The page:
Democratic presidential candidate Andrew Yang sometimes seems more like a walking meme generator than a man trying to become the most powerful person in the world: He jokes that he’s the “Asian Oprah” for his Freedom Dividend proposal, which guarantees a universal basic income of $1,000 a month; he streams videos of himself dancing to Luniz’s “I Got Five on It,” a song about splitting the cost of marijuana; and at a campaign office opening in Manchester, New Hampshire, he sprayed whipped cream into the mouth of a kneeling supporter.
So when I planned to document two days of Yang’s campaign trail eating habits, his staffers weren’t concerned — even after photos of fellow candidate Pete Buttigieg’s particular method of eating a cinnamon roll went viral following my previous campaign embed. “There isn’t going to be a viral moment, because he knows how to eat food,” Yang’s campaign manager Zach Graumann snarked.
Despite the antics, Yang is a serious candidate. The businessman, often described as a millionaire, has a net worth of $1 million according to Forbes, making him in fact less wealthy than all but one of the seven candidates who have qualified for the upcoming primary debate. He will also be the only person of color on stage since California Senator Kamala Harris dropped out of the race earlier this month, and New Jersey Senator Cory Booker failed to qualify. (Nine candidates, led by Booker, have signed a petition to expand the qualifying criteria for the debates.) With a $10 million fundraising haul in the third quarter, Yang’s team is beefing up his operations in key early voting states like Iowa, New Hampshire, and Nevada, hoping to exceed expectations as primary voting begins so that he can catch fire by Super Tuesday, when 14 states will hold presidential nominating contests and 40 percent of the delegates for the Democratic party’s nomination will be decided.
Yang and his supporters, who call themselves the “Yang Gang,” often complain of a lack of media coverage for his candidacy; in the last debate, hosted by MSNBC, he received the least amount of speaking time of the 10 candidates on stage, despite polling better than half of them. To bridge that coverage gap, Yang’s team decided to take its first Iowa bus tour — his 23rd visit to the state — with media in tow. The five-day sprint consisted of bowling, a basketball game, office openings, more serious events like a forum on autism with his wife Evelyn (one of their children is autistic), and only a little bit of malarkey.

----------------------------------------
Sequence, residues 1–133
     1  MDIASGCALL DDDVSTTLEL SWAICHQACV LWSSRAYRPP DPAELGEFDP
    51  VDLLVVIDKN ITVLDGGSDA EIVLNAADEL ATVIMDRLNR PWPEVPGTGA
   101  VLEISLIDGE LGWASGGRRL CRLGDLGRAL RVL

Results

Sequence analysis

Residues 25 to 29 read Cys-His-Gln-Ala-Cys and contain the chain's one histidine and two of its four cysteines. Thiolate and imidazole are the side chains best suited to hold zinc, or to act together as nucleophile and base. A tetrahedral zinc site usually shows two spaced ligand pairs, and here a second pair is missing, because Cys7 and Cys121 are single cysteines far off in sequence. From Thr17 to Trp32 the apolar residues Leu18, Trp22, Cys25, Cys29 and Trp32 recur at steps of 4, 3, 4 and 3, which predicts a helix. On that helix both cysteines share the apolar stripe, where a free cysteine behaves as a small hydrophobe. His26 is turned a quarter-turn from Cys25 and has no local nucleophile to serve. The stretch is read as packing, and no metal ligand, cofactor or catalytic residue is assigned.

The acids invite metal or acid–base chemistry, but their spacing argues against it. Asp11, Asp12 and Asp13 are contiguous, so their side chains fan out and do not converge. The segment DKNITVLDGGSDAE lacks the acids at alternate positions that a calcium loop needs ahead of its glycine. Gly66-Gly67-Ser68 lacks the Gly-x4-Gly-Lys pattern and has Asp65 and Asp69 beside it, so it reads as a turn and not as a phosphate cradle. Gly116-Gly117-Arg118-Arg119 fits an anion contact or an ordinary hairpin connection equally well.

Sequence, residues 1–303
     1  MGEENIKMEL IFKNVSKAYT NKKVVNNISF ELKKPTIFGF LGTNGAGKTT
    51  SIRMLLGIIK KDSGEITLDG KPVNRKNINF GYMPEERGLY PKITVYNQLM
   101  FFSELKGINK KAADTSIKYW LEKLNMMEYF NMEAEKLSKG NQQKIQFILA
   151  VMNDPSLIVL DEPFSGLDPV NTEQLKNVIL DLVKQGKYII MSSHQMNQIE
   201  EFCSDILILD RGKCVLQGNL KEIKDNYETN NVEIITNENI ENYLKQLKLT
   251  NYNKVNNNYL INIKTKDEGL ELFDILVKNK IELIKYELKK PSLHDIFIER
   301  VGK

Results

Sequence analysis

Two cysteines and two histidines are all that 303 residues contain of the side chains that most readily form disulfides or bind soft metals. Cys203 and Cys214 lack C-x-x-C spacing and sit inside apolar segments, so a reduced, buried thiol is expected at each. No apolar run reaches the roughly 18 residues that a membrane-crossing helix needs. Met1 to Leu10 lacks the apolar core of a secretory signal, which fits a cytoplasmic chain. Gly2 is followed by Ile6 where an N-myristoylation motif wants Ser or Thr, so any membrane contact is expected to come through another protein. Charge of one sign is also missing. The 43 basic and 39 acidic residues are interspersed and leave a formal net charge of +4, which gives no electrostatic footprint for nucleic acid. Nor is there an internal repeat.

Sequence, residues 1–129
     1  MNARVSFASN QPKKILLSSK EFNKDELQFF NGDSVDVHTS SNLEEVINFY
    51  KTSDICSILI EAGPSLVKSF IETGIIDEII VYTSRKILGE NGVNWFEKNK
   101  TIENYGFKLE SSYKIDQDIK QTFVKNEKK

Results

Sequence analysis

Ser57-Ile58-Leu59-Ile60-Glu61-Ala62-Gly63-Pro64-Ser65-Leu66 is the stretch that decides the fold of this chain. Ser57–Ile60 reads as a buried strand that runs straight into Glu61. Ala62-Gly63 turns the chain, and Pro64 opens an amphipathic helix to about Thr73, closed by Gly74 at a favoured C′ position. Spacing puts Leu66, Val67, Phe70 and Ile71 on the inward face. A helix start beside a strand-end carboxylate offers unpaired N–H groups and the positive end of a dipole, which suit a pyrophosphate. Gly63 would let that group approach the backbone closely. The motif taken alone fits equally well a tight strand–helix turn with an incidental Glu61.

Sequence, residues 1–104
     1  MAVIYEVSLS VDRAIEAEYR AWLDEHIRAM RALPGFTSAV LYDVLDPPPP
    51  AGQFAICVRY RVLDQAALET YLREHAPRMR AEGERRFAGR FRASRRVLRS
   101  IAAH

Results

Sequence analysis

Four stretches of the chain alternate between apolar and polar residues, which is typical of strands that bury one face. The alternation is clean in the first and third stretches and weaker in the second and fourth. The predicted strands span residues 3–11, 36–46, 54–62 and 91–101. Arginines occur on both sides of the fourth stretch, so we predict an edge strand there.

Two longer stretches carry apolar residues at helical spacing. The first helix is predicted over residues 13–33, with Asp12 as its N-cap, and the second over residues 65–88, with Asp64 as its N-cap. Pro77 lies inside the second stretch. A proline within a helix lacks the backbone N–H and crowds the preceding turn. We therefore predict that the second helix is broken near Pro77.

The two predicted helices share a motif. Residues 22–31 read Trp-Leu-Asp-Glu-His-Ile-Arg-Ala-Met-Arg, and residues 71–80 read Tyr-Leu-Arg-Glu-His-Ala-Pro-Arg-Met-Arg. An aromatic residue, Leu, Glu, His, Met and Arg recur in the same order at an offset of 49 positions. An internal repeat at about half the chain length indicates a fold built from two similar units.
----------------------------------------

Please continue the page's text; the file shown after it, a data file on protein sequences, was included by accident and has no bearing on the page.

Despite making a signature out of his love of turkey legs at the Iowa State Fair, voters who expected Yang to indulge in public performances of wolfing down Iowa’s more visually impressive favorites, like Decorah’s frosted cinnamon rolls and Smitty’s pork tenderloins, as he made his way through the state will be disappointed. “A lot of times we just go to the closest restaurant on Google Maps,” said Erick Sanchez, Yang’s traveling press secretary, who previously worked on Ohio Congressman Tim Ryan’s presidential bid. “Ideally, we’d love to be able to hit a local deli every time we travel but with the schedule we keep, it’s fucking impossible.”
But to focus on meals would be to miss the real story of his campaign diet: Andrew Yang is a supreme snacklord. Costco-sized containers of popcorn pour out of every cabinet of his bus, while the team’s work table is constantly littered with an assortment of chips, jerky, Whole Foods 365 almonds, BarkThins, classic Welch’s fruit snacks, clementines, and Yang’s favorite — the quietly cultish BelVita breakfast biscuit. Every campaign trip to Iowa or New Hampshire starts off with a 30-unit case, and they’re usually gone by the end. “It’s always a good time for BelVita,” said Yang, who ate a package for breakfast one day, then paired it with a cup of pomegranate seeds as an evening snack on another.